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As one of the first cities founded by the Spanish in South America, parts of Cartagena's civil and military architecture dates back some 500 years. The cultural significance of Cartagena’s historic buildings led UNESCO to declare the walled city a World Heritage Site in 1984. Around the perimeter of this site runs a seven-and-half mile long wall, which was built in the 16th and early 17th centuries to in order to protect the city from attack.

Cartagena’s historic center has been declared a UNESCO World Heritage Site

One of the largest of the colonial-era structures is Castillo de San Felipe. This was a fortress built by the Spanish in the 17th century as a means to help protect gold-carrying boats from pirate attack. Nearby is the Santa Cruz monastery, which is situated atop La Popa hill and offers an impressive view over the city and its harbor. The site also features a colonial museum and a small chapel built in honor of Cartagena’s patron saint, the Virgin of Mullein.

Another site of note is Plaza de los Coches, the central square in the old town, which is home to a parade of restaurants and bars and is the site for regular live shows of dance, music and other performing arts. Immediately adjacent is to the square is Puerta del Reloj, the clock tower and principal entrance to this area, as well as the mayor’s office and the nearby San Pedro square.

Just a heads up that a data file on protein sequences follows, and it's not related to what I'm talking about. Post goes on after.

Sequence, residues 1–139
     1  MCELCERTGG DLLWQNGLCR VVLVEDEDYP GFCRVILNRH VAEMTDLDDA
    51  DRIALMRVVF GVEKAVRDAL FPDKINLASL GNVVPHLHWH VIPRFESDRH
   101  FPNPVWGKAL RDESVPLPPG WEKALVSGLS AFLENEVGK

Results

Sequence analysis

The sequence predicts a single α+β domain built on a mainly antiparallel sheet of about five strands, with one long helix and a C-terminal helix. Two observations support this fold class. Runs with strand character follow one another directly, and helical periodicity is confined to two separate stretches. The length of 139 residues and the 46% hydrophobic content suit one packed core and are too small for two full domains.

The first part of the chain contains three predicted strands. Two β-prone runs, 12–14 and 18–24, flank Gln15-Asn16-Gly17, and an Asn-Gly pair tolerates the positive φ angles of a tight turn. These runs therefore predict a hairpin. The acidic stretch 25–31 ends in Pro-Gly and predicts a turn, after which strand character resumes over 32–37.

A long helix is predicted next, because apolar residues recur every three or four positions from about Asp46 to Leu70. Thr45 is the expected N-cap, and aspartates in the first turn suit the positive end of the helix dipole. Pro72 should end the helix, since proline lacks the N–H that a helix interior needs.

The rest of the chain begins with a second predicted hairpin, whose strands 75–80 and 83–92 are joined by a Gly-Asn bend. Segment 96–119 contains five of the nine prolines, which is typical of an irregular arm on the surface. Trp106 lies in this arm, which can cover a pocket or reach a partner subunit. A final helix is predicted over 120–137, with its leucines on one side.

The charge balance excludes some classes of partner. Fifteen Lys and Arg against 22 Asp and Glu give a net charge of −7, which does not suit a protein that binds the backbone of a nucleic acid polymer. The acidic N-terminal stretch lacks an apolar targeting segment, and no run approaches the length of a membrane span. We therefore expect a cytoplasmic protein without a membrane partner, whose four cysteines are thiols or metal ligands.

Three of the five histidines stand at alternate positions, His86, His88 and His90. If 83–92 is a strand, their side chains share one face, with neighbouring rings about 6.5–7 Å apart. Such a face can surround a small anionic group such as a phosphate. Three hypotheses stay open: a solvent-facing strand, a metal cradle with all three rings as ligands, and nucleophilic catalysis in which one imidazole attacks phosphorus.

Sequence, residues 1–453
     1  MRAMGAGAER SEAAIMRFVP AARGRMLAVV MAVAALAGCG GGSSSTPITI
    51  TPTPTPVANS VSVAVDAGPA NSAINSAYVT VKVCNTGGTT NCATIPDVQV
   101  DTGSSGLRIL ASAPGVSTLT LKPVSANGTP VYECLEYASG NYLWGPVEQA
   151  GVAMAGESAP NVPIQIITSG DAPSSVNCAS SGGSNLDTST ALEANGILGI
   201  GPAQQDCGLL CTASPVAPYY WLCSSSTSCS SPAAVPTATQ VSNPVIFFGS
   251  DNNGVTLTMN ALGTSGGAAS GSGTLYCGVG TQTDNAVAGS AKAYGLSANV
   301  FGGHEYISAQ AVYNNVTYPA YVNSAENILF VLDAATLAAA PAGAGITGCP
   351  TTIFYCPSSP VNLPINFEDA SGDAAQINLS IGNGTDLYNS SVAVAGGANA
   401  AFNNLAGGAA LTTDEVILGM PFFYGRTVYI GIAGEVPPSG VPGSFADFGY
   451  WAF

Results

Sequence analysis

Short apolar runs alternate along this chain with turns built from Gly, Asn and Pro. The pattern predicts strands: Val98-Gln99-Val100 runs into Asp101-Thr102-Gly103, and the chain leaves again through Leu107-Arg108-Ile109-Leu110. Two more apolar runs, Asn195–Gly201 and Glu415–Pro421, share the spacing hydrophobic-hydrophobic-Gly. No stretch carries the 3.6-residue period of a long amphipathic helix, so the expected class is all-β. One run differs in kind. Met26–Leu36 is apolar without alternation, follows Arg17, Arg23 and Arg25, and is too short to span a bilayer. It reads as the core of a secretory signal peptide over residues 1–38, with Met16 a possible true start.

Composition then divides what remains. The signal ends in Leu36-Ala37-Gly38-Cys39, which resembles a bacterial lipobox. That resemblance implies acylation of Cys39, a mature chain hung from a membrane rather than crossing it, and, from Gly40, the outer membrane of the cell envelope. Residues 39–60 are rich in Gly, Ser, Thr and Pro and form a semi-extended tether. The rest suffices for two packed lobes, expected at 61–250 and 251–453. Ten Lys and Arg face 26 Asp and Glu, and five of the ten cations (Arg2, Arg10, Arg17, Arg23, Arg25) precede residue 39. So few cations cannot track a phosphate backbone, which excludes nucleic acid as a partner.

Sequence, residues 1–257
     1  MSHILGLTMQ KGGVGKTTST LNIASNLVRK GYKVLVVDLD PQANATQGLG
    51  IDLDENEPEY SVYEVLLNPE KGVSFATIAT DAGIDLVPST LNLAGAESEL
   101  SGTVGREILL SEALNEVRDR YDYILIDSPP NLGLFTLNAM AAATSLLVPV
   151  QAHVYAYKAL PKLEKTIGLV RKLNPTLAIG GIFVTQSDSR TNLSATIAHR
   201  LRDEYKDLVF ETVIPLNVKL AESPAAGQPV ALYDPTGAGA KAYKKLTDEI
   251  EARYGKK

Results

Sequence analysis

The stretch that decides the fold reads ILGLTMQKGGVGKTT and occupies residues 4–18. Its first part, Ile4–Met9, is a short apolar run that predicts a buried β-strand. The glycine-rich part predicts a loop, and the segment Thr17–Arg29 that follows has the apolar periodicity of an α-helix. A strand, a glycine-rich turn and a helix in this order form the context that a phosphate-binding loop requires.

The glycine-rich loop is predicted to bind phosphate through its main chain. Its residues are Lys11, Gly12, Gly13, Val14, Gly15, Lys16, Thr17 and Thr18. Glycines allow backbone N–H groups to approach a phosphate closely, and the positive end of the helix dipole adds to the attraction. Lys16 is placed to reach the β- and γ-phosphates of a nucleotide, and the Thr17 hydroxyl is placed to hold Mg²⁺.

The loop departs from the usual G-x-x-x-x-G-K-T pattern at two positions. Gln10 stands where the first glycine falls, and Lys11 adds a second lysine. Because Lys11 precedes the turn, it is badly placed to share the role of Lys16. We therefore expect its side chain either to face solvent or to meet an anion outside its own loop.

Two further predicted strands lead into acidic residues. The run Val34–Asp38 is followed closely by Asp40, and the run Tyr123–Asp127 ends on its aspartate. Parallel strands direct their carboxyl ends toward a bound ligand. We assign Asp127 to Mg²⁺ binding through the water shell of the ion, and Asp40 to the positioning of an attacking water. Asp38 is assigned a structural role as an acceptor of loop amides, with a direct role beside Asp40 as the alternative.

Also in the historic center are a number of churches and museums which are worth visiting. The Inquisition Palace, the former trial site of those accused of religious crimes, today houses the Historical Museum of Cartagena. The exhibition here outlines both the history of the city and the attempts of locals to preserve it. The nearby Gold Museum has a large collection of a collection of gold, ceramic, shell and bone exhibits. These items help trace the history of the Zenu people, who inhabited the region between 200BC and 1600AD.

Important religious sites located within the historic city include the Church of San Pedro Claver, a building dedicated to the first ‘new world’ saint who was anointed for his work promoting slaves’ human rights. His remains are located within the building, as is a small architectural museum. The Cathedral of Santa Catalina de Alejandria, also known as Cartagena Cathedral, is one of the oldest in the Americas. Construction of the original temple beginning in 1577, though it has since undergone heavy restoration works. Another impressive building is the Santo Domingo Monastery, a 16th century religious site, which housed friars from the Dominican / Preacher Order until the mid-1800s.

Cartagena's Beaches